The stories in Detroit Tales are tales about urban, working-class America. People struggle both to remain in the city and to escape the city. The three central motifs of this collection are the city, the workplace, and the automobile. In their cars, people negotiate the territory between work and home. Conflicts arise in the characters’ impulses to veer off their well-worn paths. What can they do? Where can they go? What forces pull them away, and what forces pull them back? The characters search for what can provide spiritual sustenance. Often, the relief from the drudgery of their daily lives is provided in the fleeting dazzle of fireworks or Christmas lights, but they take what they can. If these stories have one unifying theme, it is that escape is not the answer. When the pulls of friendship and love and personal responsibility draw us back to our ordinary homes and our ordinary jobs, we must trust those pulls, and we must lead those lives with as much dignity as we can muster.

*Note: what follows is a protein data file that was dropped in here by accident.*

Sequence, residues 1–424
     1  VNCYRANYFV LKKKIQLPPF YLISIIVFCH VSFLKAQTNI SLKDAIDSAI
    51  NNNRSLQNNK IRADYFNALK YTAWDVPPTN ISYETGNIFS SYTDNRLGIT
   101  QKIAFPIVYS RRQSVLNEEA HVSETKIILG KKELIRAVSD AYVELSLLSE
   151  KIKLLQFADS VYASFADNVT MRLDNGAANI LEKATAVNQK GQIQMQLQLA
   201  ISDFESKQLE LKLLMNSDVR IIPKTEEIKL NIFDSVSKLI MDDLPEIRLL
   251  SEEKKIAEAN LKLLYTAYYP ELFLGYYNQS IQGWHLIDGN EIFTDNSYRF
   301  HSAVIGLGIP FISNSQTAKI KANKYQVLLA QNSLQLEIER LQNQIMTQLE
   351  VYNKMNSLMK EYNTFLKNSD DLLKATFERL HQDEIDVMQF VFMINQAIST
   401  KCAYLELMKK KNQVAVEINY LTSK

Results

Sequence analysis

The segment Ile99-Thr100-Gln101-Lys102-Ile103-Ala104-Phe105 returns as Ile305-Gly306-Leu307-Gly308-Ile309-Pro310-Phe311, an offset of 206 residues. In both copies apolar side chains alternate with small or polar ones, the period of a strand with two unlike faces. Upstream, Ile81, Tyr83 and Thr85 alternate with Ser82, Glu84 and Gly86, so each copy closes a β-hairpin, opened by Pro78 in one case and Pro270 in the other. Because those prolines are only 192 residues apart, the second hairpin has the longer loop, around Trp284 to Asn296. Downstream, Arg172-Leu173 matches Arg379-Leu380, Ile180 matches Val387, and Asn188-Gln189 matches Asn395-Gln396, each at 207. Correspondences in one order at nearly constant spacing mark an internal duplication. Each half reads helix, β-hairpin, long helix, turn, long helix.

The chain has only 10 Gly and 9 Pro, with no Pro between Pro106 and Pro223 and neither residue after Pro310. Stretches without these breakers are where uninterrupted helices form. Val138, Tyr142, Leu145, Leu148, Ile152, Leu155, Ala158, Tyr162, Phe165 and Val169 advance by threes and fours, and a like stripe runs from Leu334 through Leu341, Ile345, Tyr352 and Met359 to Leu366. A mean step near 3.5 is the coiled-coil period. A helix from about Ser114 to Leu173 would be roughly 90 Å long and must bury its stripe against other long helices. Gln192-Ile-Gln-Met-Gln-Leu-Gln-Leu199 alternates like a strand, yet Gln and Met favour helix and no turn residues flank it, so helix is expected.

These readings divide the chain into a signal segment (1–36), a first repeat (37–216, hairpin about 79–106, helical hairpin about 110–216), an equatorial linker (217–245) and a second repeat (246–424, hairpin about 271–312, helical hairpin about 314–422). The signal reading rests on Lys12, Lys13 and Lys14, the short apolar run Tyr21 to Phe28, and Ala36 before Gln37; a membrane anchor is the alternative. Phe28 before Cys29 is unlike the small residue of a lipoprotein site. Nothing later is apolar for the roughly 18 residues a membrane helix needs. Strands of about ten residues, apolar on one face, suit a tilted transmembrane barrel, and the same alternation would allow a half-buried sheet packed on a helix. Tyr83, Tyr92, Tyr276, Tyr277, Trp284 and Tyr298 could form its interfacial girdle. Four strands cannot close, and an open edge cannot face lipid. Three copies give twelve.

Michigan State University Press, 9780870136627, 184pp.
Publication Date: March 31, 2003
About the Author
Jim Daniels is the author of six fiction collections, seventeen poetry collections, and four produced screenplays, and has edited five anthologies. A native of Detroit, he is the Thomas Stockham Baker University Professor of English at Carnegie Mellon University in Pittsburgh.